“No,” Sam said, looking down at her hands for some reason “It’s not that.” She stared at her palms, looking slightly confused, as if she’d just discovered them for the first time. Jordan laid her hand on Sam’s shoulder, trying to calm her down by changing the topic.
“These apartments are crazy, though! I had no idea student dorms came this goddamn luxurious!”
Sam blinked, still looking slightly overwhelmed. “What...? Oh yeah! Renford Hall is pretty great! Oldest Building on Campus, apart from the library! The rest of the campus burned down in the seventeen-hundreds.”
“Founded by Sir Samuel Renford in 1672 under Charles the second, back when you guys still called the shots around the colonies.” Jordan recited with a smile. ”Renamed to King James Hall in 1692 after Renford had been found guilty of witchcraft, then renamed to Jefferson hall in 1777, and once more renamed back to its original Renford Hall in 2003 to honor a free thinker in times of superstition.”
Sam blinked. ”Right. History major.”
Jordan shrugged. ”History major.”
“So, what do your parents do?” Sam asked after a moment of thought. It seemed to take her some effort to ask the question, like it was a painful procedure she had to undergo.
“Your parents. Who are they?”
It took Jordan a moment to understand before it clicked.
Yeah, of course that was what she would be thinking. Jordan shook her head calmly, like a parent patiently correcting their child.
“My parents aren’t paying for this. I’m here on a scholarship. Faculty upgraded my dorms for some reason.”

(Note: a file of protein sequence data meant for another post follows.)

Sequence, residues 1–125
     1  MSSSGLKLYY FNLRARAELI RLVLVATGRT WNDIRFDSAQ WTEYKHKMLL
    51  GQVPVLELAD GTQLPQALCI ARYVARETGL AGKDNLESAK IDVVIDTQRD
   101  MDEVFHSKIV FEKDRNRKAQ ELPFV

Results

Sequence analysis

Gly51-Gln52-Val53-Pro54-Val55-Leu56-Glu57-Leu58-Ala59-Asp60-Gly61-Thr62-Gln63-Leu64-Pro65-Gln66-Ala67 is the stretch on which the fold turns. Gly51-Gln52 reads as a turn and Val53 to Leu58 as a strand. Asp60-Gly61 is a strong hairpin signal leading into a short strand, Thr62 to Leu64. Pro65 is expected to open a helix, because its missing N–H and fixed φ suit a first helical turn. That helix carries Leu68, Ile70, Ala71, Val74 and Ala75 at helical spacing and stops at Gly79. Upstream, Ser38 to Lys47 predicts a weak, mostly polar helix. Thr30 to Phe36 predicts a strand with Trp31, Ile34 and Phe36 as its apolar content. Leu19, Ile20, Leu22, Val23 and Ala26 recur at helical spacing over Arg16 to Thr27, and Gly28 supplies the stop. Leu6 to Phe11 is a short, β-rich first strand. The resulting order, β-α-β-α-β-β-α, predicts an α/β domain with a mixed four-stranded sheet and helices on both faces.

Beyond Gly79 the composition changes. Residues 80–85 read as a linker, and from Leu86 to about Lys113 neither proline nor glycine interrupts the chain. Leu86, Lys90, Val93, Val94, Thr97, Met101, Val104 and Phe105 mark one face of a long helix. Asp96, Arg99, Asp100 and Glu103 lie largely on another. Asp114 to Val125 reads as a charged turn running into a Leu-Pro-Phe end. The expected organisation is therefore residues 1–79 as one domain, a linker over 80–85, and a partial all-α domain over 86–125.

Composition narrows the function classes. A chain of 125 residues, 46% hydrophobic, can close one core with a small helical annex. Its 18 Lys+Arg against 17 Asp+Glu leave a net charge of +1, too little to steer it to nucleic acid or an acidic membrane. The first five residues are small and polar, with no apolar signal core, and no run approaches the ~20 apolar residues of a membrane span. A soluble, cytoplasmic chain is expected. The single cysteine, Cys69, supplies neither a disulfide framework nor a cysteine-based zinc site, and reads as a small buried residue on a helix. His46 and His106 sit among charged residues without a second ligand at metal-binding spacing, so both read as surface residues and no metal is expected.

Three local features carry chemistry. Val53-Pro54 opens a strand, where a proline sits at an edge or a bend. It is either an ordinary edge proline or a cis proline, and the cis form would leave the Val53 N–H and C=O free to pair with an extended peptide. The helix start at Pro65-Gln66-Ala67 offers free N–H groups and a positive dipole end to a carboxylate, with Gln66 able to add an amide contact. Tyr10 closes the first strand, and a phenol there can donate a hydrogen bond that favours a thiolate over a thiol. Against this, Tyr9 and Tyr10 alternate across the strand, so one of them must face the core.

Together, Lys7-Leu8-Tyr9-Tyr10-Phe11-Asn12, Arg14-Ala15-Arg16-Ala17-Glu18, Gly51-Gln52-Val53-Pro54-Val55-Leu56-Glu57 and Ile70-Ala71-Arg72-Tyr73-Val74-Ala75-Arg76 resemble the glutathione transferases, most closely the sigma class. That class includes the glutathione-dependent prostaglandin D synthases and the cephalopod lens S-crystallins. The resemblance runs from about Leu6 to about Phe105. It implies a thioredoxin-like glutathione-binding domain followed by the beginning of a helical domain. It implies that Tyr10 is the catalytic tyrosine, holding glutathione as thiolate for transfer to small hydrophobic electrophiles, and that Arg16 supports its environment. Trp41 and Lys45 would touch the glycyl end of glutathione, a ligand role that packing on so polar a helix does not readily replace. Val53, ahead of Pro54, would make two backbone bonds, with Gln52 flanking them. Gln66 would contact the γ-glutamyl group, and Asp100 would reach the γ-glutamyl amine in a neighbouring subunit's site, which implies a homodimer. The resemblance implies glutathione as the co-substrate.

She didn’t know if Sam was naive, open-minded, or just too polite to think that a black girl like Jordan would come from a family with enough wealth to pay for a first-class ride. No. Jordan was what they called ’disadvantaged youth’. She was here for one reason only: So that semi-progressive old men could alleviate their white guilt. Probably the reason they’d upgraded her dorms, too. Whatever Jordan had expected Sam’s reaction to be, it hadn’t been her face lighting up in utter joy. Sam sprang forward and hugged Jordan, and Jordan reluctantly let it happen, more overwhelmed than off-put.
“That’s so awesome! Congrats!” Sam said into her ear before letting go of her. She looked so genuinely happy for her that it was putting Jordan off balance. “So at least one of the two of us earned their spot here!”
Jordan tilted her head. ”Wait, what? You... didn’t?”
“Daddy bought me in,” Sam said, raising her hands in an apologetic gesture. “His dearest Samantha has to get the best education money can buy, after all.”
She sighed deeply. “He means well. I can’t hate him. He’s exactly like you probably imagine him, ascot and mustache and all – but he also let me pick my major, and I can do whatever I want once I’m done. But he insisted that I go to university, and this university in particular.”
“Poor you,” Jordan said with a bitter smirk and crossed arms, but her voice remained playful. Part of her wanted to hate Sam for who she was, but found that it was nearly impossible to dislike her. She had a charming air of self-awareness and teenage rebellion. And part of it might be that she looked just so damn cute.
“I know, I know,” Sam said defensively when she saw Jordan judging whether or not to bundle her up with all the other well-meaning faux-woke white kids or not. “I’m privileged up the arse. One-hundred percent. I’ll never be able to relate.”